Posts Tagged Wildlife
In the normal course of events, this critter would become an undistinguished brown moth:
Right now, it’s a two-day-old cross-striped cabbageworm. Its kin are voracious consumers of Brassicacae out in the garden and Mary’s raising it as a show-n-tell exhibit for her Master Gardener compadres; she advised it to not start any long novels.
Taken hand-held with the Pixel XL through a clip-on 10x macro lens.
The Monarch Butterfly egg produced a teeny caterpillar:
Each time it molts, it eats all of its skin except for the transparent cap over the first body segment:
If the rest of the caterpillar were behind the windshield, it’d be feet-upward with its “face” at the top.
The picture comes from a focus-stacked set of microscope images captured with VLC; I turned the positioner’s elevation knob the smallest possible amount between each of 16 images along the 1 mm (-ish) height of the capsule. This magic incantation applies more weight to high-contrast and high-entropy regions:
align_image_stack -C -a monarch vlcsnap-2017-08-09-18h4* enfuse --contrast-weight=0.8 --entropy-weight=0.8 -o Monarch_Windshield.jpg monarch00* # empty line to reveal underscores in previous line
That came out pretty well.
The main cicada season has only begun, so these two may have emerged slightly too early:
They’re completely harmless, but definitely don’t look it:
Their topside armor would look great on a robot:
Found ’em dead on the driveway, alas.
We watched a female Monarch Butterfly lay eggs on the stand of milkweed behind the house. She also found a lone plant in the vegetable garden that’s now standing in a vase on the kitchen table where we can keep an eye on the proceedings.
So far, so good:
I never knew Monarch eggs were so elaborate!
Captured with the VGA-resolution USB camera atop the zoom microscope, with VLC applying automagic gamma and level adjustment.
Focus-stacking the three best images helps the ribs toward the leaf, but not by much:
After picking out the images, all of which bear VLC’s auto-generated names like
vlcsnap-2017-07-29-09h26m25s720.png, stack them thusly:
align_image_stack -C -a milkweed *png enfuse -o Monarch.jpg milkweed000*
Tinkering with the options might improve things, but … maybe next time.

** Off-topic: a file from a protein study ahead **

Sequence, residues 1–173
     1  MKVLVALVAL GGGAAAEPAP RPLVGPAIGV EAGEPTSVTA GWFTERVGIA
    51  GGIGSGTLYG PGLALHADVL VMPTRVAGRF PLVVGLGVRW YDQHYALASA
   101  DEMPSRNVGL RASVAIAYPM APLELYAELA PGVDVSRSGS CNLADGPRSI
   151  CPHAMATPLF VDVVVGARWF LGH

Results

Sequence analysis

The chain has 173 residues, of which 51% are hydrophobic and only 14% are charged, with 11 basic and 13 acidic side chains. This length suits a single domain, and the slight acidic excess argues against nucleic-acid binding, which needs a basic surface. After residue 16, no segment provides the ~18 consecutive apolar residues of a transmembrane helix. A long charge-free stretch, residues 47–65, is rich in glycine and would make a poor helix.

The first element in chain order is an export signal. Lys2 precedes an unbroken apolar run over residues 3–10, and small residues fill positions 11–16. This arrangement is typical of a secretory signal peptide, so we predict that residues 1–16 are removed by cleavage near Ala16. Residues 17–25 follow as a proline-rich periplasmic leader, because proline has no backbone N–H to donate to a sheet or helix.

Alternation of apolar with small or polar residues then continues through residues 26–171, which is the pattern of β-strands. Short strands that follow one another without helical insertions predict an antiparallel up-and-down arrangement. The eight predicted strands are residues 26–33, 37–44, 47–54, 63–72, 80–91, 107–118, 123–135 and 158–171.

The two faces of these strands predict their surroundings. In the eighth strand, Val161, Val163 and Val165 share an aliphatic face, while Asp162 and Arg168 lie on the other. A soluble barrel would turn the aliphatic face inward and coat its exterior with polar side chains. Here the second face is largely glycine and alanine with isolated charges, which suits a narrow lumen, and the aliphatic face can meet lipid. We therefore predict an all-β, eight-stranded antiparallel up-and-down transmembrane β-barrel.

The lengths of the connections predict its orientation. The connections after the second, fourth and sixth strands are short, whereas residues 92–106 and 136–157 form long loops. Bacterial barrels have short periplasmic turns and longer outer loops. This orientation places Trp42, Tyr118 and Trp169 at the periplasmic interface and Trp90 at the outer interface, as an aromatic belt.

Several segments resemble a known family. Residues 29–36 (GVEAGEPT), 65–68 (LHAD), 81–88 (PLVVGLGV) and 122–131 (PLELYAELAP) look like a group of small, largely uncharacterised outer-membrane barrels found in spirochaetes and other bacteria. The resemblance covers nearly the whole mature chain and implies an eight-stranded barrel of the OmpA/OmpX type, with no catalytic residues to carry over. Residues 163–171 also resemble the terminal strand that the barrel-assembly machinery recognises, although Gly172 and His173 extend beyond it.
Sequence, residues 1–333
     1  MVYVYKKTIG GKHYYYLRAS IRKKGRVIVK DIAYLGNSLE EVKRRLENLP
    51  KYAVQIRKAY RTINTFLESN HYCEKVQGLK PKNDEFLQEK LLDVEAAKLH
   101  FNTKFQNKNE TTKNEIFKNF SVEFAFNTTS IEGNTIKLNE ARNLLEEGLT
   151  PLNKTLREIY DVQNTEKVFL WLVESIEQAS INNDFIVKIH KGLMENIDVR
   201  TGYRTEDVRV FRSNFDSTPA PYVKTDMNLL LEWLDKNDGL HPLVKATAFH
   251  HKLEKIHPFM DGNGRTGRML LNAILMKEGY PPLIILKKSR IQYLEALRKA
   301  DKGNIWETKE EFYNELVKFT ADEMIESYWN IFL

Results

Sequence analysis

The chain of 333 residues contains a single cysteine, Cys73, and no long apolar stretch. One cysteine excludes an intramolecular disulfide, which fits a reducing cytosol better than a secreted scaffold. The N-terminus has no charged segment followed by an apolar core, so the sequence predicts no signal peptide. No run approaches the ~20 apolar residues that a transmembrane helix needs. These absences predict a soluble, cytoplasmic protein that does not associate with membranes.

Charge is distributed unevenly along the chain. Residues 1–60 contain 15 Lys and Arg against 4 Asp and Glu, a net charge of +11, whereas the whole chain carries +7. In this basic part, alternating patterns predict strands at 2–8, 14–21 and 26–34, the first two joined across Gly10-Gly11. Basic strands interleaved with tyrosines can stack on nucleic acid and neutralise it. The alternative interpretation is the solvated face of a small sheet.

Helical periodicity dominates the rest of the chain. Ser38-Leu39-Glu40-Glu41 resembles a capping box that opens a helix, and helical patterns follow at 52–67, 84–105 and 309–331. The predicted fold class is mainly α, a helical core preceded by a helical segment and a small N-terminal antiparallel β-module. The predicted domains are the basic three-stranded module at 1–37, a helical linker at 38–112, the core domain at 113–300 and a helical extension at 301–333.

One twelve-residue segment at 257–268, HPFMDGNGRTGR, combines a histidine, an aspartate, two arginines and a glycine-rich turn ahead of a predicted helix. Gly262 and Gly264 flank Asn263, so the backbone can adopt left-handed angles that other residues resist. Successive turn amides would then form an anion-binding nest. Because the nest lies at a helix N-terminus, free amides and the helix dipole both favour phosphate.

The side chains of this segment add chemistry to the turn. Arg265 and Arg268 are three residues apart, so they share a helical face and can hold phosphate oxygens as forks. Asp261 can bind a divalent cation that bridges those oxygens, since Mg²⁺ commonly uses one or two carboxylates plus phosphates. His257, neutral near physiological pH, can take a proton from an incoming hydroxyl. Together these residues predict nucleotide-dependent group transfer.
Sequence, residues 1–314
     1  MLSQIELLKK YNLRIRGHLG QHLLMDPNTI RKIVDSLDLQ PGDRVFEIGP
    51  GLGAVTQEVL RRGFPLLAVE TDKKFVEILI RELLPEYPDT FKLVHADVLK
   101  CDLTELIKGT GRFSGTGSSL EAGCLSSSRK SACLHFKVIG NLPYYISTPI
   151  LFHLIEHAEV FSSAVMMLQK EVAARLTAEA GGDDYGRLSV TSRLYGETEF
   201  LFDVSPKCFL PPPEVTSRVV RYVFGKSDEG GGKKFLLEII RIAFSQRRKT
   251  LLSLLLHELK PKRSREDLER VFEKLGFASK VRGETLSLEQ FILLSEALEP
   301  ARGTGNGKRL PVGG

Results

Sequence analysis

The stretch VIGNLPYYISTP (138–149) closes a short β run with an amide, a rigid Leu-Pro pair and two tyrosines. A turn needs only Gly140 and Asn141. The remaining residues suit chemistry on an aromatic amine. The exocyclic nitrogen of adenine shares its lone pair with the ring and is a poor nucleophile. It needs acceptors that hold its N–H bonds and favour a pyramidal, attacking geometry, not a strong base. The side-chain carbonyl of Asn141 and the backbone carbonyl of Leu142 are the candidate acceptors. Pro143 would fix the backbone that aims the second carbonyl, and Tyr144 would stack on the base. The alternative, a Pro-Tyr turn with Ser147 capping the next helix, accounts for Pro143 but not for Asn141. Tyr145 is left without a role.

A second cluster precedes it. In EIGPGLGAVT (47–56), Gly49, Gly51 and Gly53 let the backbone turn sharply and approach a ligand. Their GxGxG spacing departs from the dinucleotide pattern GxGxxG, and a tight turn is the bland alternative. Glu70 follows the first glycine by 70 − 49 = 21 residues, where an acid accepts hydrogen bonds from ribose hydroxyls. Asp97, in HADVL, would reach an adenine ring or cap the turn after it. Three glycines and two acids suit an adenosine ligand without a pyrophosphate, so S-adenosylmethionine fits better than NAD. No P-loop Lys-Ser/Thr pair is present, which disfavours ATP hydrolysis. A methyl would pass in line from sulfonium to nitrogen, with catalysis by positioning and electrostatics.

Either Mama Frog picked a bad location or these little critters fell over the edge, as I found a handful in the big stainless steel bowl Mary uses for spot-watering some of her plantings:
The bowl curves inward over their heads and their feet didn’t seem sticky enough to get them up and out, so I dumped the lot of them into the flower bed. May they live long & prosper!
We found this critter keeping a watchful eye on the construction at Adams Fairacre Farms during our most recent grocery trip:
I think it’s an undocumented alien that entered the US stowed away in a tropical plant, because it was affixed to the array of ceramic pots outside their (open) greenhouse windows:
To the best of my admittedly limited herpetological knowledge, none of our native lizards / geckos / whatever have such a distinctive dorsal frill / fin / ridge. I have no idea how to look the critter up, though.
We left it to seek its own destiny. Unless it’s a mated female (hard to tell with lizards), it’ll have a lonely life.
Perhaps it practices rishratha, which is entirely possible.
The heron hurked the fish down, with the abrupt right-angle bend in its neck marking the fish’s current location:
A bit of wiggling & jiggling put the meal in the right place and the bird relaxed:
A postprandial flight around the pond apparently settled the fish:
It landed on a snag a few dozen feet from where it started, then proceeded to look regal:
Those things really do look like pterodactyls in flight!